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Environmental Ethics

Volume 16, Issue 4, Winter 1994

Glenn McGee
Pages 419-424
DOI: 10.5840/enviroethics19941647

The Relevance of Foucault to Whiteheadian Environmental Ethics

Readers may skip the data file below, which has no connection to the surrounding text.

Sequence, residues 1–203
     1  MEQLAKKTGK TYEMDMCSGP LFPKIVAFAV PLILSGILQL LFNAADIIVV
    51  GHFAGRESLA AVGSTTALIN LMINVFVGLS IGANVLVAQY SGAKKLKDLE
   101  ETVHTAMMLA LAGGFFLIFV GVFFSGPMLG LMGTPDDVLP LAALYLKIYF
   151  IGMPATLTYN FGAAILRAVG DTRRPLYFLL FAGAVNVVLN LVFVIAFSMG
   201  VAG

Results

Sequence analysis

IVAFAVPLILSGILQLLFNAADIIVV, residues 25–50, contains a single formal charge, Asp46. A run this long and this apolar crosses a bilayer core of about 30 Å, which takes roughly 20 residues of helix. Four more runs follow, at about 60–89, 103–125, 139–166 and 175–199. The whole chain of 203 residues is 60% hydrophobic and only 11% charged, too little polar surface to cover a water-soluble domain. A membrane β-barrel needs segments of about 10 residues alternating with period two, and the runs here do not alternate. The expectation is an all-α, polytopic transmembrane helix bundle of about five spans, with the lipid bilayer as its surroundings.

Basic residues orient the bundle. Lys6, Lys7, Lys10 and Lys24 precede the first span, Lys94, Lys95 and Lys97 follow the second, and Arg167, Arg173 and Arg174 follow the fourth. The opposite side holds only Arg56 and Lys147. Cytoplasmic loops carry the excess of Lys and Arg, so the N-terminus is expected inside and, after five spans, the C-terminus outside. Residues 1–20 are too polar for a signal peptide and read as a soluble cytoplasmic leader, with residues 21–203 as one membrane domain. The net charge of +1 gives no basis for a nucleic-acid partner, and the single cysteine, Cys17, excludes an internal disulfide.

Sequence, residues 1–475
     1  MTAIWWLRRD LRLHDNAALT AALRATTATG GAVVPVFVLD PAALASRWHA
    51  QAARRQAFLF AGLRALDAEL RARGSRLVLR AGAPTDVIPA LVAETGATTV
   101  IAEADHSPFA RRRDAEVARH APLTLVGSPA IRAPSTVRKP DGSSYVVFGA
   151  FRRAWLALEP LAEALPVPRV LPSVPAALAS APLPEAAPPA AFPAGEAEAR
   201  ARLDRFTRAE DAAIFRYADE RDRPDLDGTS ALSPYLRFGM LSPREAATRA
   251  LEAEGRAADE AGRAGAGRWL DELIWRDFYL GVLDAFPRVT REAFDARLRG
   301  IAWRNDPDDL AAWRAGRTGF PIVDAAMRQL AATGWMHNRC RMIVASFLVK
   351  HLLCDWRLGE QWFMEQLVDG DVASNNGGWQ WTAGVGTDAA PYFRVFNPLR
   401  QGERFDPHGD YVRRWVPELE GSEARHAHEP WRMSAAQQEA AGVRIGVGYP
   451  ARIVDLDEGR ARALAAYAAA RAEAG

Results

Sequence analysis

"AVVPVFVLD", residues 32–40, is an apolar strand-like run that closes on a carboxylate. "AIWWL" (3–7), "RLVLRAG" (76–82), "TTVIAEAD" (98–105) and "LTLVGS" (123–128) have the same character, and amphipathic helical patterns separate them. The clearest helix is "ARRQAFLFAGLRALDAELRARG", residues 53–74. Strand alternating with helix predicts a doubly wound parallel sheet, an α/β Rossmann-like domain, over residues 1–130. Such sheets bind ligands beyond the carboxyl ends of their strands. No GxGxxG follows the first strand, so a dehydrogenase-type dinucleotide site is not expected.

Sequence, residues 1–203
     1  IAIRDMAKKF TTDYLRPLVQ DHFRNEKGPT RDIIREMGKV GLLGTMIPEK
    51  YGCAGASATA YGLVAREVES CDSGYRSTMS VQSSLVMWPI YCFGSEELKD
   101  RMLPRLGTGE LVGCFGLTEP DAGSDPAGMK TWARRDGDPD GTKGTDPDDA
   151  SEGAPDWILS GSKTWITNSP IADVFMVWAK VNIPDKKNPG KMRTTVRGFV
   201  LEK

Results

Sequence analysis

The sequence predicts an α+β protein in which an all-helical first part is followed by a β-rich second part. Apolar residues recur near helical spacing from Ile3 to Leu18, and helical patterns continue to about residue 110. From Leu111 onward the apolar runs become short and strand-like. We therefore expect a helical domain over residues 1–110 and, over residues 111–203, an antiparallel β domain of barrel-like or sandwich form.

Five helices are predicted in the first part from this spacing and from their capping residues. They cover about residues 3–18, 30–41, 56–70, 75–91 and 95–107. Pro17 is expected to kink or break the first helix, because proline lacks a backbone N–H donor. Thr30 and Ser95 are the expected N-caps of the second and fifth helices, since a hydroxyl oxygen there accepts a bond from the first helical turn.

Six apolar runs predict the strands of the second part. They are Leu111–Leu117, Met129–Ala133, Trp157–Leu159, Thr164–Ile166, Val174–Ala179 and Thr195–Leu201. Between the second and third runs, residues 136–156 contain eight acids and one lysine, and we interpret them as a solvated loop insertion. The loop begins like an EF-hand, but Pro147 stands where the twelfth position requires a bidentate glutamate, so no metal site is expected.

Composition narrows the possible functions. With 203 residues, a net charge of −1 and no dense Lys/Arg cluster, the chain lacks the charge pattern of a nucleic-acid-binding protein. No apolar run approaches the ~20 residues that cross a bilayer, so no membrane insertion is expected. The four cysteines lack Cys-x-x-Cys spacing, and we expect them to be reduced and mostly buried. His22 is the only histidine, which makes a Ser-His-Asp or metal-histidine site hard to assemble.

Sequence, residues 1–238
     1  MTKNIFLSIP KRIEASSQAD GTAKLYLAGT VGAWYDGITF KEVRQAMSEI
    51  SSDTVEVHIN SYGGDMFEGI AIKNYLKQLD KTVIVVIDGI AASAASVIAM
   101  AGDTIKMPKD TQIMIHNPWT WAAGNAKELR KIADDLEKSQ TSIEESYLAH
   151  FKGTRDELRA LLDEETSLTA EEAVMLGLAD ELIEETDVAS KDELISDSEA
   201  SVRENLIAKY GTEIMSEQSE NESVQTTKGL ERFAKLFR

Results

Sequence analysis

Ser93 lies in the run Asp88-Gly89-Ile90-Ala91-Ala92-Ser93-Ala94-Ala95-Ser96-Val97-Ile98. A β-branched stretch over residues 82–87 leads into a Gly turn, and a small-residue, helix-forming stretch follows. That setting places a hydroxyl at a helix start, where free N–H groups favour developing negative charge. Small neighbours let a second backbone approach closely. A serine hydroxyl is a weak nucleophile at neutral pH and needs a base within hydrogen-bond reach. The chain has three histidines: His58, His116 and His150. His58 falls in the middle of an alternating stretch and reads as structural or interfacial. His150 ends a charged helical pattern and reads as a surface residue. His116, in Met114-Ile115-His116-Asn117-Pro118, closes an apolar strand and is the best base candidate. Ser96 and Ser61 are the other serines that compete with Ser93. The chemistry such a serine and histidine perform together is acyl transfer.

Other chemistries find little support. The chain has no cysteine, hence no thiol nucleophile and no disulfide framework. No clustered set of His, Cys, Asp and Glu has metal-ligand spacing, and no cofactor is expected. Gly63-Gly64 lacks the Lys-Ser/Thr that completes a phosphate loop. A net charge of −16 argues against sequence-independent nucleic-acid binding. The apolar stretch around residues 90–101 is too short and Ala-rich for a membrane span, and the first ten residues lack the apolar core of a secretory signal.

Although he devotes little explicit analysis to ethics, Whitehead’s understanding of the human moral life immerses both human moral agency and environmental ethics in the natural world, judging good actions in the context of complex and interdependent histories of value present in societies of what he calls actual occasions. In this sense, Whiteheadian environmental ethics draws on the most interesting features of Michel Foucault’s genealogies of values that suffuse institutions. Nevertheless, a Whiteheadian notion of environmental ethics exceeds Foucault’s work in that Whitehead acknowledges the possibility of responsible human values and actions with regard to the environment.

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